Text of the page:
Sharing stories, shattering stereotypes
Filmmaker Amber Fares brings stories to life, sheds light on humanity
By Keri Ferguson
Amber Fares, BA’93, never questioned who she was growing up in Grande Prairie, Alta. She was proudly “100 per cent Canadian and 100 per cent Lebanese,” playing sports and enjoying Arab food prepared by her grandmothers.
“We played a lot of hockey, and we ate a lot of hummus,” Fares said.
But that peaceful coexistence came crumbling down with the events of 9/11. While the terrorist attacks took place on U.S. soil far away, the resulting Islamophobia hit close to home.
“All of a sudden, my family was under scrutiny. There was a kind of ‘othering’ as mundane as people asking me where I was from and what religion I was, to incidences of phone calls to my parents, telling them to go back to where they came from,” Fares said. (Her mother and father were born in southern Saskatchewan to parents arriving in Canada between 1900 and 1919.)
“I thought, ‘If I’m not Canadian, then who is?,’” she said. “My family has been in Canada since the turn of the century. There was never any question about who we were, or need to separate or stand up for this other culture we embodied, as well.”
It marked a turning point. Fares packed her bags, picked up her camera and put down roots in Ramallah, Palestine, for seven years. Set on a path with “one foot in the Arab culture and the other in North American culture,” she’s become an award-winning documentary filmmaker and cinematographer by sharing stories, shattering stereotypes and shedding light on social issues.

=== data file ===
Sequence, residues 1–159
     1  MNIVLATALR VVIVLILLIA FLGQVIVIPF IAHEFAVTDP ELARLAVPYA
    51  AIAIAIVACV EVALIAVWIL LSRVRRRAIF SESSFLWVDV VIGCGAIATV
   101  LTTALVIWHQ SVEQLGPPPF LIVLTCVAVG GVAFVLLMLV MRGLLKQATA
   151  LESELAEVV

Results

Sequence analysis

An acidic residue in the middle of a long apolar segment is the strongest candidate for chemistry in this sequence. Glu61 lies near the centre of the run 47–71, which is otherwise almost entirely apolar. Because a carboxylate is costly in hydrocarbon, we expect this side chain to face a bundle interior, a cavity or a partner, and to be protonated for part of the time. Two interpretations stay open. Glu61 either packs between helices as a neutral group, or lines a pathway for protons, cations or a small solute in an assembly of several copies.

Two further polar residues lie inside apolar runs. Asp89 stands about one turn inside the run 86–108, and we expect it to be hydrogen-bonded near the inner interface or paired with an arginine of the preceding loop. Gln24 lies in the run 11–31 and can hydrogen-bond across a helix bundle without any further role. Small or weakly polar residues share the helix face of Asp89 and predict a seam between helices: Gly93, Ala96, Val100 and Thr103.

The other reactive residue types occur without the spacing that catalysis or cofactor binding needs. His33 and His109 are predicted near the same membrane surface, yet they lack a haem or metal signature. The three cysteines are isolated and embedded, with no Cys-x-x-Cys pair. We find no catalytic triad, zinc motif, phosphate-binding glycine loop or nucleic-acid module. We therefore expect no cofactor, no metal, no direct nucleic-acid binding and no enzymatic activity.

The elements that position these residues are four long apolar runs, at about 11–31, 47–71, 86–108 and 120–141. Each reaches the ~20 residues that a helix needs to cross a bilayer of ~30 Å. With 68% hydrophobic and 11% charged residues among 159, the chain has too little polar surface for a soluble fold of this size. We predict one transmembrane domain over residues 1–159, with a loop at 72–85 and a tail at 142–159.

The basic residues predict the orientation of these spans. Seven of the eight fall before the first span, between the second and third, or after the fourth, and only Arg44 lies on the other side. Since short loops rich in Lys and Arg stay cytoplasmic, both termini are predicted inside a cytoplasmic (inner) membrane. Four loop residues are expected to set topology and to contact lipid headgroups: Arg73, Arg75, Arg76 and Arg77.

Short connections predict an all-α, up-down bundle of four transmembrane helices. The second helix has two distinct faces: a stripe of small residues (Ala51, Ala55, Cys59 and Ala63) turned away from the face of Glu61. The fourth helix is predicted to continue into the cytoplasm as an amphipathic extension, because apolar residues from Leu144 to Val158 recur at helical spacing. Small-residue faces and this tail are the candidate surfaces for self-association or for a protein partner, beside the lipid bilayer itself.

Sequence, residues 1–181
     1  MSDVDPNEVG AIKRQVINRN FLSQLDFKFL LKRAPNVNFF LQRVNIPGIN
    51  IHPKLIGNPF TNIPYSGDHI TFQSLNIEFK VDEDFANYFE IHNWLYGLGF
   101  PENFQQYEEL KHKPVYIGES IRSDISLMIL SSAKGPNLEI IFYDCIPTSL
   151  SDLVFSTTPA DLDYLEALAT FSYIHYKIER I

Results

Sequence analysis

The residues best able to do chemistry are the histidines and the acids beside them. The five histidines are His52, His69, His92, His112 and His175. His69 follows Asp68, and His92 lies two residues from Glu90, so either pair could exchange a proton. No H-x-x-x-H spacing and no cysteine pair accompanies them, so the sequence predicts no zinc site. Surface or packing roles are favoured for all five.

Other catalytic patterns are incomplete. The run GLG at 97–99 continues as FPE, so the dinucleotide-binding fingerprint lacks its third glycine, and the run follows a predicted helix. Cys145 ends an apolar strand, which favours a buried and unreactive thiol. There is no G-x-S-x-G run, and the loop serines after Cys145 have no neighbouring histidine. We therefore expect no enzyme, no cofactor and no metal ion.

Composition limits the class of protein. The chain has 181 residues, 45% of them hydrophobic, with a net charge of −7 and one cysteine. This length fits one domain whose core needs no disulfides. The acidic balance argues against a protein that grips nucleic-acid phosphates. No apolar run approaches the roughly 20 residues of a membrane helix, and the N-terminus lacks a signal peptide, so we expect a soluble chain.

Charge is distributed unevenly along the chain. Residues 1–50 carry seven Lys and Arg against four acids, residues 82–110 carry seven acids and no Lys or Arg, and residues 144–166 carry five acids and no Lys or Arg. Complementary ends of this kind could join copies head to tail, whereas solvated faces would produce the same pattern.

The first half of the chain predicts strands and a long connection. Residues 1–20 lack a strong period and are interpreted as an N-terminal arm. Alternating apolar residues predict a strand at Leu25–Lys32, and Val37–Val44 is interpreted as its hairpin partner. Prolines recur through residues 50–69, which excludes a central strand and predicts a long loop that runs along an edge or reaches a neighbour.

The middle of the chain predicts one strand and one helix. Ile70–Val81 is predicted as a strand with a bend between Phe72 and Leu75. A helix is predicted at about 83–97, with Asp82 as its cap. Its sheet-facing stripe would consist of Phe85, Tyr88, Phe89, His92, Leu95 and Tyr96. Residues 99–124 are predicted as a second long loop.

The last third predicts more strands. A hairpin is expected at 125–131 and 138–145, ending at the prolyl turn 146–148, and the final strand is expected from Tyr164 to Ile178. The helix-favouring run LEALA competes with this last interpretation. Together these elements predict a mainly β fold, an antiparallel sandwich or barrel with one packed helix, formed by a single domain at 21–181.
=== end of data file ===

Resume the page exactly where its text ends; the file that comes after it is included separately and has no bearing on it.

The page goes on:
“With a place like Palestine, specifically, there’s a lot of clichés in the way it’s presented in the media,” Fares said. “It is very slanted toward the war and the occupation. Very rarely do you get a chance to dig a little bit deeper and show life there from a personal perspective.”
She found her opportunity with her first feature-length documentary, Speed Sisters. Against the backdrop of occupied Palestine, on makeshift tracks across the West Bank and under the watch of Israeli soldiers, Fares takes viewers inside the lives of the first all-women race car team in the Middle East.
Although there’s intrigue in the women racing cars in the desert – supported and cheered on by men – their personal stories are what resonated most with North American and Middle Eastern audiences alike, winning audience choice awards while playing more than 100 film festivals worldwide.
Fares’ Canadian passport afforded her freedom to navigate the military checkpoints in making the film – an advantage not all the drivers shared – but it was her solidarity and Palestinian experience that allowed the women to share their strengths and struggles.
“Because I grew up in Canada, very familiar with Arab culture, it made it easy for me to bond with all the drivers and their families, and with the greater community,” Fares said.
Her ability to connect also helped spotlight the lighter side of Kholoud Al-Faqih, star of The Judge, and first woman appointed to the Middle East’s Shari’a courts. Fares co-produced and was cinematographer for the film, which garnered a 2019 Peabody Award.